Host the 2016 Democratic Convention? Philly, get your goddamn priorities straight

By Josh Kruger
Add Comment Add Comment | Comments: 2 | Posted Jun. 18, 2014

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There are no more K-Cups left here in the pantry except decaf, and I want to cry.

Last night, instead of investing in my future—aka this morning—I decided to hang out with my friends. I would have been better served if I just bit the bullet and took the time 12 hours ago to buy coffee at the Acme to avoid this morning’s caffeine-withdrawal disaster. But it was easier, cheaper and more fun to spend the night being a social butterfly. Treat yo’ self, you know?

But now my head fucking hurts and I’m cranky.

Josh, you stupid asshole, you’re probably thinking, why don’t you quit blubbering about it and just go out now for your damn coffee? And you’re right: It’s never too late to do the right thing. It would be silly and short-sighted to just keep on whining. It would be incredibly childish to say: Oh well, now that I don’t have coffee, I might as well just say fuck it and go play some more. I mean—then I still wouldn’t have coffee!

And yet, oddly enough, that’s exactly what some Philly leaders are doing right now by distracting themselves with the mere possibility of hosting the Democratic National Convention in 2016.


We all love parades, and Democrats are particularly looking forward to 2016. It’s going to be a de facto coronation of Hillary Clinton should she choose to run. All indicators are pointing to her running, and there’s an entire movement of activists and fans in the Ready for Hillary movement.

Putting aside Clinton’s cult of personality—a well-deserved fan base, but let’s be honest here: it’s a fan base first and foremost—the Democratic Party is salivating at the prospect of 16 straight years of Democrats in the White House. That long a span of liberal executive control hasn’t happened since Franklin Roosevelt and Harry Truman. And in Philadelphia, Democrats outnumber Republicans 7-1.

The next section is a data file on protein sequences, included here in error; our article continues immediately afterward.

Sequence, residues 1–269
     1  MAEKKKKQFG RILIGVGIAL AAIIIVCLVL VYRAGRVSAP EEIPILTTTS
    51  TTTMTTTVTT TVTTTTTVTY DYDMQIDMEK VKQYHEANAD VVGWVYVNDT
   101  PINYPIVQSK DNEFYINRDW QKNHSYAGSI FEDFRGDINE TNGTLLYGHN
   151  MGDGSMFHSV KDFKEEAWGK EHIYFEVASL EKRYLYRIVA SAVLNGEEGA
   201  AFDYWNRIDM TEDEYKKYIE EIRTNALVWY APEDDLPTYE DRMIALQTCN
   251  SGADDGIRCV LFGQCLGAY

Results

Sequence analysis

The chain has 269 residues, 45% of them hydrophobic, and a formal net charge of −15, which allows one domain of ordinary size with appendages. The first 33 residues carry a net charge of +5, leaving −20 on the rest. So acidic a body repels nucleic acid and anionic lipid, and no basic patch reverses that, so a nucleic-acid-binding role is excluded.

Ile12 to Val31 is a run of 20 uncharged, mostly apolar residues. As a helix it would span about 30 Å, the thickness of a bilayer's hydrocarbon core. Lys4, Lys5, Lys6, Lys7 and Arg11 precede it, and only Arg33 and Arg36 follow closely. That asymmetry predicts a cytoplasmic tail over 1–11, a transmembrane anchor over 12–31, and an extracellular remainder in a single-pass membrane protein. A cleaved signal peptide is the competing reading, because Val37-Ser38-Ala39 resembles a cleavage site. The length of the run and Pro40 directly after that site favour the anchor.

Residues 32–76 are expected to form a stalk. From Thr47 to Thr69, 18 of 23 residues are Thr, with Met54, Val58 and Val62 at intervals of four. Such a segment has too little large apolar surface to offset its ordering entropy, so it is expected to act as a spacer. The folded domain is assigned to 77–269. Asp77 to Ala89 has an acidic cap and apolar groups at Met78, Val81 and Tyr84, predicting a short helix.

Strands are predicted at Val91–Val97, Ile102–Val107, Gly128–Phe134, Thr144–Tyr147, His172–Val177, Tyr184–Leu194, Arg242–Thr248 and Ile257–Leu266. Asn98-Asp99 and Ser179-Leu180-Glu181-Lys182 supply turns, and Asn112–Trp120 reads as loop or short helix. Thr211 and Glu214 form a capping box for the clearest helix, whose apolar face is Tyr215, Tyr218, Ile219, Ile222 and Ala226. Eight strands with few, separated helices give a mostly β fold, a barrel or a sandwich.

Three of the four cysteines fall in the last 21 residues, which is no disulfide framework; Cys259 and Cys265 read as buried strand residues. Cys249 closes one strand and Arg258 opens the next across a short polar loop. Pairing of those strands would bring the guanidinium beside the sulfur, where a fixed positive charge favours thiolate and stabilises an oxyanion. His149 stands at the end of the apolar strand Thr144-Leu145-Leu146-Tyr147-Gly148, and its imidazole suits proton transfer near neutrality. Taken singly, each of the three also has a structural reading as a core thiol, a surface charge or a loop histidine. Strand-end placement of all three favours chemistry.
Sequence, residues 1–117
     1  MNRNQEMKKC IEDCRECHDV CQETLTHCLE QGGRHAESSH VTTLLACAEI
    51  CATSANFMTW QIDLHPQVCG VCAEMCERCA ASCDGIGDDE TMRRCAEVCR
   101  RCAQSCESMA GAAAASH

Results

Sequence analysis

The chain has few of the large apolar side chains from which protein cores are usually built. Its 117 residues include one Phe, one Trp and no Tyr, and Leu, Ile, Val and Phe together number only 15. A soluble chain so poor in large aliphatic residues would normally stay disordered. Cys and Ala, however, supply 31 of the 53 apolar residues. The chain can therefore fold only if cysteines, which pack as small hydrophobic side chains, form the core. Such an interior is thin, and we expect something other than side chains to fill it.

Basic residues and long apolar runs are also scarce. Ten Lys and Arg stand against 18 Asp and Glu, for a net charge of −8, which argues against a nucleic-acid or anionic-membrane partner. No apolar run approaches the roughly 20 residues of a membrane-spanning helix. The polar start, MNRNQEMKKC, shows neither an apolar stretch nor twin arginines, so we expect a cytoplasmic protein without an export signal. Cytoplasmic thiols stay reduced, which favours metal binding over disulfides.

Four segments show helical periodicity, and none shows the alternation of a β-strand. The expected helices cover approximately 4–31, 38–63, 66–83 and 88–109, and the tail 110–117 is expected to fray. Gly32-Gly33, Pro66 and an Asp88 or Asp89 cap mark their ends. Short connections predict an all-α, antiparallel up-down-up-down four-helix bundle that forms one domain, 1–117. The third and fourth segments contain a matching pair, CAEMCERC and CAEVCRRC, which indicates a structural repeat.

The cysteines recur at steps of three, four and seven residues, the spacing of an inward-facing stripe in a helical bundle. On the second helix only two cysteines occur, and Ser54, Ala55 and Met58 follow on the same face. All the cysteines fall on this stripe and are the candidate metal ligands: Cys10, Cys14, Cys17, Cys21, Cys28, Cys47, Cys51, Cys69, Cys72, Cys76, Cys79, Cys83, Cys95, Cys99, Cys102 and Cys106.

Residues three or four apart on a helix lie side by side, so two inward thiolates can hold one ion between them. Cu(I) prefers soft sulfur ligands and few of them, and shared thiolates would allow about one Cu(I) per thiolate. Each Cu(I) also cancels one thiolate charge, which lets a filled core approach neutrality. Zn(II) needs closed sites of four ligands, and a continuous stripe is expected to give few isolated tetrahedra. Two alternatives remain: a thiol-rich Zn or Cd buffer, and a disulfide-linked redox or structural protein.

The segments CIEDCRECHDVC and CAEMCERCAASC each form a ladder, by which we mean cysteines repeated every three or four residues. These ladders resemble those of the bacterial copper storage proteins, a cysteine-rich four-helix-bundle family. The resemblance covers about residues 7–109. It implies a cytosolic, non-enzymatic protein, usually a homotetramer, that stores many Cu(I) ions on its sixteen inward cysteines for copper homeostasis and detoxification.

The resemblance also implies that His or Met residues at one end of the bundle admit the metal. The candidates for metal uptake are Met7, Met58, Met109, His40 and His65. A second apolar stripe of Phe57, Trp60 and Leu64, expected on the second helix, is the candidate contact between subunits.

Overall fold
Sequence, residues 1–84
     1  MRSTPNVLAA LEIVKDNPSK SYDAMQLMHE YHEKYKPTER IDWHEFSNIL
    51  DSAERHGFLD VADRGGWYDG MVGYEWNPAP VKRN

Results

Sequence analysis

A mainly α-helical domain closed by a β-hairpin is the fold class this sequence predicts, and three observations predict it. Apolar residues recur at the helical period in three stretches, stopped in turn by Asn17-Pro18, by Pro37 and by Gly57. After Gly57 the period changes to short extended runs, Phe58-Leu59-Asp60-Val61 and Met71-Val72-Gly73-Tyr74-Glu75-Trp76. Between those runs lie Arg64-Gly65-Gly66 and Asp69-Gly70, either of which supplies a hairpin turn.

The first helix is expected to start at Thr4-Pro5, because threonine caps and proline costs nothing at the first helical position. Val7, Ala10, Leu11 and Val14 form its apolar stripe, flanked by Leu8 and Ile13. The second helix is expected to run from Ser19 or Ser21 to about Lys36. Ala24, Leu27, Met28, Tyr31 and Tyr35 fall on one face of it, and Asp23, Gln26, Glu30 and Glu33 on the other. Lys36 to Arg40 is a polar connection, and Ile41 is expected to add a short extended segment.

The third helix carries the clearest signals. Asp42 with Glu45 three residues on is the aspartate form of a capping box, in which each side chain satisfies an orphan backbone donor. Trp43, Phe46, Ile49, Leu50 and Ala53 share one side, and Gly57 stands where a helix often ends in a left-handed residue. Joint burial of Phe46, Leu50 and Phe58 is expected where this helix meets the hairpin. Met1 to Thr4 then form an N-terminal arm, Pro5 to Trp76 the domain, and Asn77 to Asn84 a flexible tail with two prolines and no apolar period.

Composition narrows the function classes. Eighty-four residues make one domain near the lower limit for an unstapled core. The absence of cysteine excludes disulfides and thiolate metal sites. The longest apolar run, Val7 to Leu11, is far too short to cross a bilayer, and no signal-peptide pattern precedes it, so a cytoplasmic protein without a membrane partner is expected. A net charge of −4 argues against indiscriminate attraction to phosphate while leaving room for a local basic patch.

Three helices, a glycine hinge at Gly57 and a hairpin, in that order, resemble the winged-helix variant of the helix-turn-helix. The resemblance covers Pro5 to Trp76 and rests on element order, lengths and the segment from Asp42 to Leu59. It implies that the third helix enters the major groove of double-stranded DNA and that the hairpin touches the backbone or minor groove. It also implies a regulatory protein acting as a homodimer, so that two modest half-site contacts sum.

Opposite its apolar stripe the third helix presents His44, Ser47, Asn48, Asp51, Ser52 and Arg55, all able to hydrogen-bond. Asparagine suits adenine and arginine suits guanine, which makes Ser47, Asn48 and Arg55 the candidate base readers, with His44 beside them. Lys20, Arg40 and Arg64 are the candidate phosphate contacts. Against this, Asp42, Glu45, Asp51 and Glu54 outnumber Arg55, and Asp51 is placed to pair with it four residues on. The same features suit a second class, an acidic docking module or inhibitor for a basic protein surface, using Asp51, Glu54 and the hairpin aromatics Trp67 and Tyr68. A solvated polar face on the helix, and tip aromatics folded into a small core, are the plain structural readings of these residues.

Apparently, we’re among the top six cities from which the DNC is currently mulling proposals to host the convention. Factor in the psycho-cultural tendency for Philadelphians to be egomaniacs with inferiority complexes, eager for everyone to remember that we’re a world-class city, and you can imagine the public enthusiasm surrounding this potential red-white-and-blue extravaganza.

Cue Ed Rendell, former Philadelphia mayor and Pennsylvania governor and chairman of the Democratic National Committee, to point out that if Philly seriously wants to host the convention in 2016, it needs to raise $40 million with which to produce the event. Yes, $40 million.

Mayor Nutter has already said that city resources are at critical levels, so the city itself can’t really do much to help. Most of that will have to come from private donors—and, should Philly win the convention bid, the state will inevitably kick in a few million dollars. (For instance, when the Republicans held their convention here back in 2000, Pennsylvania spent $7 million to help mitigate the cost and attract the appealing “we can do this thing” nature of a major party convention.)